Matcha is a type of green tea made by taking young tea leaves and grinding them into a bright green powder. The powder is then whisked with hot water. This is different from regular green tea, where the leaves are infused in water, then removed. Drinking brewed green tea “is a bit like boiling spinach, throwing away the spinach and just drinking the water,” says Louise Cheadle, co-author of The Book of Matcha and co-owner of the tea company teapigs. “You will get some of the nutrients, but you’re throwing away the best bit.” With matcha, you’re drinking the whole tea leaves.
According to the National Cancer Institute, the polyphenols in tea have been shown to decrease tumor growth in both animal and laboratory studies. Researchers believe that it is the high level of polyphenols in tea that help kill cancerous cells and stop them from growing, although the exact mechanism by which tea inhibits and prevents cancerous cells is uncertain.
Even organically grown green teas have been shown to contain lead, which is absorbed by the plant from the environment, particularly tea grown in China. When traditional green tea is steeped, about 90% of the lead stays in the leaf, which is discarded. With matcha, since the whole leaf is consumed, you will ingest more lead. One independent group, ConsumerLab.com, which tested teas, estimates that a cup of matcha may contain as much as 30 times more lead than a cup of green tea. Therefore, they recommend drinking no more than one cup daily, and not serving it to children.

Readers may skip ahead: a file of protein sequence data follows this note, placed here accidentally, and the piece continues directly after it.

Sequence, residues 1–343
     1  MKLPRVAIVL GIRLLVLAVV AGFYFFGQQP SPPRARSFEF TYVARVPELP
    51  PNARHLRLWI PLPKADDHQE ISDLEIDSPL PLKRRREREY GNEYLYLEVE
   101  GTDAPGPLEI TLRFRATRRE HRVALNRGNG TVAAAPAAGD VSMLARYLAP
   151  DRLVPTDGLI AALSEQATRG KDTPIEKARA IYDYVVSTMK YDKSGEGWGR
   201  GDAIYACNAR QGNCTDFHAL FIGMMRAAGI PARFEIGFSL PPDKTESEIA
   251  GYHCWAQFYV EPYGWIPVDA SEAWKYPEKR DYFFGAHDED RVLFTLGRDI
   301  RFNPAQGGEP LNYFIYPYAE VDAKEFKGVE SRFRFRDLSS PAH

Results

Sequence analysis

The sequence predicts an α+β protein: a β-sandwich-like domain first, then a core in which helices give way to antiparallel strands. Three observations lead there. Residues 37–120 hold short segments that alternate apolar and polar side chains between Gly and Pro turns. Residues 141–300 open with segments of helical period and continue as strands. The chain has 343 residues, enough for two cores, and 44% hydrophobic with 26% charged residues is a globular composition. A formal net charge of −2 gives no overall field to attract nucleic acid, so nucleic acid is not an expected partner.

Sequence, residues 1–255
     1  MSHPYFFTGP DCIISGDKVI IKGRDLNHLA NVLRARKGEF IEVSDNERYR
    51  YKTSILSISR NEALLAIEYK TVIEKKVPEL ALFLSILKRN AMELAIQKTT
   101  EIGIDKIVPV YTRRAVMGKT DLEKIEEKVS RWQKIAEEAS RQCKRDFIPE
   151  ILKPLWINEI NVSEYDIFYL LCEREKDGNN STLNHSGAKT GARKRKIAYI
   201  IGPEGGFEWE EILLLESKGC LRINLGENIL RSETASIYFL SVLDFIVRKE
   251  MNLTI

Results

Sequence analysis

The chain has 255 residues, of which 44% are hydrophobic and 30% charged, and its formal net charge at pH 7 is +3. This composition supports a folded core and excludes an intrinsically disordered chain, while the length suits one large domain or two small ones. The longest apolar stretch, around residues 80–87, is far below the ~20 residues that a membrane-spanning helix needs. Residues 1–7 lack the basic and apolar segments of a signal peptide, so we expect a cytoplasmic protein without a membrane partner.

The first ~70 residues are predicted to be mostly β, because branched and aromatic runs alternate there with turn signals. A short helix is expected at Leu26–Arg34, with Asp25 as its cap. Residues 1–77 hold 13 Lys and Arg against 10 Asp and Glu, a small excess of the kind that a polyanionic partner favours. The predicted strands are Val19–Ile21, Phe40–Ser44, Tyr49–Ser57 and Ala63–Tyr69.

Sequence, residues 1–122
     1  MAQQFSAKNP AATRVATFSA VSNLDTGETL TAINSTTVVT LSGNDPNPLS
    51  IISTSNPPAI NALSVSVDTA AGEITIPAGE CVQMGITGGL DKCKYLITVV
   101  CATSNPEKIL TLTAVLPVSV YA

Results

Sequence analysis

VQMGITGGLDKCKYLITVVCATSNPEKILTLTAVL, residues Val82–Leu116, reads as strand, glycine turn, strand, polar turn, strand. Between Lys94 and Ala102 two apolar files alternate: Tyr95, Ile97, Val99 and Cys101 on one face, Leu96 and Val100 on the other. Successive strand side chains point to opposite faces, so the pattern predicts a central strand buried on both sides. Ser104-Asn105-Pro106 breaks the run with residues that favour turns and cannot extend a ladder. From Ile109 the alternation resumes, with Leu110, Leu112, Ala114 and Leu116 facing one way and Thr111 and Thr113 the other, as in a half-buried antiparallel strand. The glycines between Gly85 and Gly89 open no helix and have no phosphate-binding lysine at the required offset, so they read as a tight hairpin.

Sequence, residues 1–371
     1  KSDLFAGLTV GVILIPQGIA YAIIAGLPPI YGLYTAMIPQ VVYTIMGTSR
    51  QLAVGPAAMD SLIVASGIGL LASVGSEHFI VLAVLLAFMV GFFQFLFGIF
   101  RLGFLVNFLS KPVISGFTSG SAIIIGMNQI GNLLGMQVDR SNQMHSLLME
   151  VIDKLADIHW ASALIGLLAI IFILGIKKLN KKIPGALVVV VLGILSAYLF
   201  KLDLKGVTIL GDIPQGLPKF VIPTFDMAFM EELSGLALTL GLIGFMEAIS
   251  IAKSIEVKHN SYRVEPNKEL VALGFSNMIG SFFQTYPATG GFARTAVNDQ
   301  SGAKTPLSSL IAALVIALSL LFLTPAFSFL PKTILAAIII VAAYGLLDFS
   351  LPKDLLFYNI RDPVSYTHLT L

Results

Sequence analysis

The oldest tea producing region in Japan is Uji, located near the former capital of Kyoto.[50] It is thought that seeds sent by Eisai were planted in Uji, becoming the basis of the tea industry there.[51] Today, Japan's most expensive premium teas are still grown in Uji.[52] The largest tea producing area today is Shizuoka Prefecture, which accounts for 40% of total Japanese sencha production.[53][52] Other major tea producing regions include the island of Kyushu and the prefectures of Shiga, Gifu, and Saitama in central Honshu.[52]


improves insulin sensitivity and may help protect against diabetes, as well as against rapid rises and subsequent crashes in blood sugar levels that lead to fatigue, irritability, and food cravings. A study in Annals of Internal Medicine found consumption of green tea (as well as black tea and coffee), was associated with a reduced risk of type 2 diabetes.